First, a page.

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The following is a proof of the validity of the (bootstrap) percentile interval taken from Larry Wasserman's "All of Statistics". $\theta^*_{\alpha/2}$ and $\theta^*_{1-\alpha/2}$ denote the respective quantiles of the bootstrap of our estimator $\hat {\theta}$.

Could you please take a look at the proof below and explain to me where the third line of the derivation comes from? How does $U$ enter the derivation? Is there perhaps a mistake there?

Thank you in advance.

enter image description here

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  • $\begingroup$ @COOLSerdash Would you mind telling me how you enlarged the picture? For future reference ;) $\endgroup$ – JohnK Jun 14 '14 at 10:25
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    $\begingroup$ Hi John. I just saved the picture and opened it in a graphics editing program (I used paint.NET but Windows Paint would also suffice). I then selected the relevant area and selected "crop to selection" so that all the white margins were cut off. Then I saved the picture again and uploaded it. $\endgroup$ – COOLSerdash Jun 14 '14 at 10:41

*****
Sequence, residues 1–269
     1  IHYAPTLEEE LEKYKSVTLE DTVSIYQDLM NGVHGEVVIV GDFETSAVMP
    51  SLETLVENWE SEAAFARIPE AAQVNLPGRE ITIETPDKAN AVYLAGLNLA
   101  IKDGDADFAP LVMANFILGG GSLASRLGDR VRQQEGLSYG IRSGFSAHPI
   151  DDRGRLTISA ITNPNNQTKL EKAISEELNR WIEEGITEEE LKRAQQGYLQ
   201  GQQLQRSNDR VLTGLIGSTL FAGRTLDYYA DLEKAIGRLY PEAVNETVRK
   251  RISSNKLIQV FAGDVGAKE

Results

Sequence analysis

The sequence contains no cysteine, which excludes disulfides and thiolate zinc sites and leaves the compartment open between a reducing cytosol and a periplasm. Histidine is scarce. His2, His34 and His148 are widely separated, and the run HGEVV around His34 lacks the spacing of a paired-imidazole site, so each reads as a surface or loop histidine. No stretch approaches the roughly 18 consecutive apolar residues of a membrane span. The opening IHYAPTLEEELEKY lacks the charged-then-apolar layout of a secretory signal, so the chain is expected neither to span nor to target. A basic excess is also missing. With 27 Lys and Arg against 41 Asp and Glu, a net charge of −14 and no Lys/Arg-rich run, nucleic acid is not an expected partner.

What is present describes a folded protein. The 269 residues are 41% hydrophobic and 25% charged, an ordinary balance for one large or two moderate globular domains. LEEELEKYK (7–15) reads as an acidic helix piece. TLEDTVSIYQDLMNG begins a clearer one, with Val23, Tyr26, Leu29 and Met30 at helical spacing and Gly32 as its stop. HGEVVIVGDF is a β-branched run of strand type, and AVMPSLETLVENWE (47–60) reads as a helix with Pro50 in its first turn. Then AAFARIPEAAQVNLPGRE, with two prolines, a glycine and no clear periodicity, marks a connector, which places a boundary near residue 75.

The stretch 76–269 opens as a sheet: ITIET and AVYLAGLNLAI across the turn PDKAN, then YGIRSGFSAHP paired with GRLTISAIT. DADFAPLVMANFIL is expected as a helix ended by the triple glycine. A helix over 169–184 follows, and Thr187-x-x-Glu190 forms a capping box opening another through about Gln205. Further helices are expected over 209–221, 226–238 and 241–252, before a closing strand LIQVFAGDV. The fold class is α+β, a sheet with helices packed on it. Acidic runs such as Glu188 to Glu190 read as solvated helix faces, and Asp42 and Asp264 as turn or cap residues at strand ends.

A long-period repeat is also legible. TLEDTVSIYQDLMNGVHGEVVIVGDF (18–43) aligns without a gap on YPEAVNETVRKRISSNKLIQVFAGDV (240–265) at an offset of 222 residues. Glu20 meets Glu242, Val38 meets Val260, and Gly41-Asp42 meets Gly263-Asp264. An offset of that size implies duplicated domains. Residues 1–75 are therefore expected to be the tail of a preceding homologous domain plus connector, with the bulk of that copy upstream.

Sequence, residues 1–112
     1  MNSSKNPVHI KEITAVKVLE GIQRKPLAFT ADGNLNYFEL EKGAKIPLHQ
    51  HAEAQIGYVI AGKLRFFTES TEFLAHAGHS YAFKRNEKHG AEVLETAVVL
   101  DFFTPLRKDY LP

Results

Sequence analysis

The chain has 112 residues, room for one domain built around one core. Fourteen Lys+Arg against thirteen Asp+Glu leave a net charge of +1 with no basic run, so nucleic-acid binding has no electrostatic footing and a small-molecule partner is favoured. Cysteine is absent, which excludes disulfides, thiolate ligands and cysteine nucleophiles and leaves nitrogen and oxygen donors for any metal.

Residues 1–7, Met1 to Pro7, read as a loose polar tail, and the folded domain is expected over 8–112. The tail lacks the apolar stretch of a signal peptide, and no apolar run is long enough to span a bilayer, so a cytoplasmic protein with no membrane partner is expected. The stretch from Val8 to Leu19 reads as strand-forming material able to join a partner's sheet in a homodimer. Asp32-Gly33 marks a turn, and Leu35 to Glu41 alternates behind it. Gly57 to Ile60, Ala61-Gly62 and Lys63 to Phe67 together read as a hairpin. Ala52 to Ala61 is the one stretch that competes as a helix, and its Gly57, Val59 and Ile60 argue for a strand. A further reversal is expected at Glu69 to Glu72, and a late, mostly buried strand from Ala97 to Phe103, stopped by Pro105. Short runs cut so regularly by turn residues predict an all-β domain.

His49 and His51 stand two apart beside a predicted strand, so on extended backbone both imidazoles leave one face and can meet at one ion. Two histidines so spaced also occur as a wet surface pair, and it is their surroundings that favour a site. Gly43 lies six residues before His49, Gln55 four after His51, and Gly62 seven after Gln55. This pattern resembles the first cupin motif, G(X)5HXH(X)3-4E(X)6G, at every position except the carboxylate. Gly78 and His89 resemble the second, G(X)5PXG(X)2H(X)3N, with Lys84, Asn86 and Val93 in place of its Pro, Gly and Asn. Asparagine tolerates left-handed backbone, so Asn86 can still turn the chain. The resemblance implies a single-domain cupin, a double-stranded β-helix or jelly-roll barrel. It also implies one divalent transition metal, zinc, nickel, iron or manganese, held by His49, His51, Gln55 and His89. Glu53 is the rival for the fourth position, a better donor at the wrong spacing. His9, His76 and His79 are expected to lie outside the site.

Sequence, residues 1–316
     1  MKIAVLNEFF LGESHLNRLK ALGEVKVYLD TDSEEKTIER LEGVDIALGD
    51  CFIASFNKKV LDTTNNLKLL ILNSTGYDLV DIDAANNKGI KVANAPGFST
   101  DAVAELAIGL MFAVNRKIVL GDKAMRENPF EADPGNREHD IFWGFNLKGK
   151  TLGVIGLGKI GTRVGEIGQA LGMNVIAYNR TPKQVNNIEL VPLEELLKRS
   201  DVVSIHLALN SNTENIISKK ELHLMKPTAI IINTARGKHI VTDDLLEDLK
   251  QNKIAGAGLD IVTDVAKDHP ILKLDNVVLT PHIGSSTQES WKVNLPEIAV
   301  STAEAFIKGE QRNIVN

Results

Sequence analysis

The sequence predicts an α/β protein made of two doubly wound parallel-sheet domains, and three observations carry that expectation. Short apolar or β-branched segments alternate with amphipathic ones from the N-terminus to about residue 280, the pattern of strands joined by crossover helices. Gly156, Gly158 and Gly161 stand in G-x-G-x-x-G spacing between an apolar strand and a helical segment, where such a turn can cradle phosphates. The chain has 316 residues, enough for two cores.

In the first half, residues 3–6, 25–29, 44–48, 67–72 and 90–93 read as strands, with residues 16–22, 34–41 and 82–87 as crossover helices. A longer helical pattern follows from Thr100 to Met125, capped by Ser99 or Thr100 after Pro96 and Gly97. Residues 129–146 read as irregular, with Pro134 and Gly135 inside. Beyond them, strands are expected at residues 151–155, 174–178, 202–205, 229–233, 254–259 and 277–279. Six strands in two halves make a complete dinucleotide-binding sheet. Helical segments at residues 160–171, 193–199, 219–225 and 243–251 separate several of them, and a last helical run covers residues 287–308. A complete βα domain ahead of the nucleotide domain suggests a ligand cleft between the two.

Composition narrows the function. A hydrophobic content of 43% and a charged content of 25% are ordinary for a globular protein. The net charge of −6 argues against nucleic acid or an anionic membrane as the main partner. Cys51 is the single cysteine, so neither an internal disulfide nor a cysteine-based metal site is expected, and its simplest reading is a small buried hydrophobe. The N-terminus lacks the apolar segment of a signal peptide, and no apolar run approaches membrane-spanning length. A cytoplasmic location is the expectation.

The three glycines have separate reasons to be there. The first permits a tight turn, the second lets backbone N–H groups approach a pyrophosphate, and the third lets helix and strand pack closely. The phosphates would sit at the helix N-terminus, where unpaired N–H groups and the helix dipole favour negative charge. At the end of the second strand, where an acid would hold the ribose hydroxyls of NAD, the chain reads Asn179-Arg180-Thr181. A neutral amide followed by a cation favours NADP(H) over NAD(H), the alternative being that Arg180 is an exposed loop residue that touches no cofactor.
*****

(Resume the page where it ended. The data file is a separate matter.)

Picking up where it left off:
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I think the source of confusion is the in the two sentences before the derivation. Before the "Hence", I would add: "Suppose also that conditional on $U$, $U^*_b \sim N(U, c^2)$." Then, the next sentences should be, "Hence, $u_{\alpha/2}^* = U - z_{\alpha/2} c$ and $u_{1-\alpha/2}^* = U + z_{\alpha/2} c$."

A transformation $m$ that satisfies both the original "Suppose" and my addition will rarely exist. However, it will usually exist asymptotically as the sample size grows. This is what Wasserman is alluding to in his last sentence. Essentially, $m$ existing means that the true distribution of your estimator, $\hat{\theta}$, and the bootstrap distribution of $\theta^*_{n,b}$ are the same.

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  • $\begingroup$ Thank you, I find his book packed with that kind of nonsense. $\endgroup$ – JohnK Jun 20 '14 at 19:10

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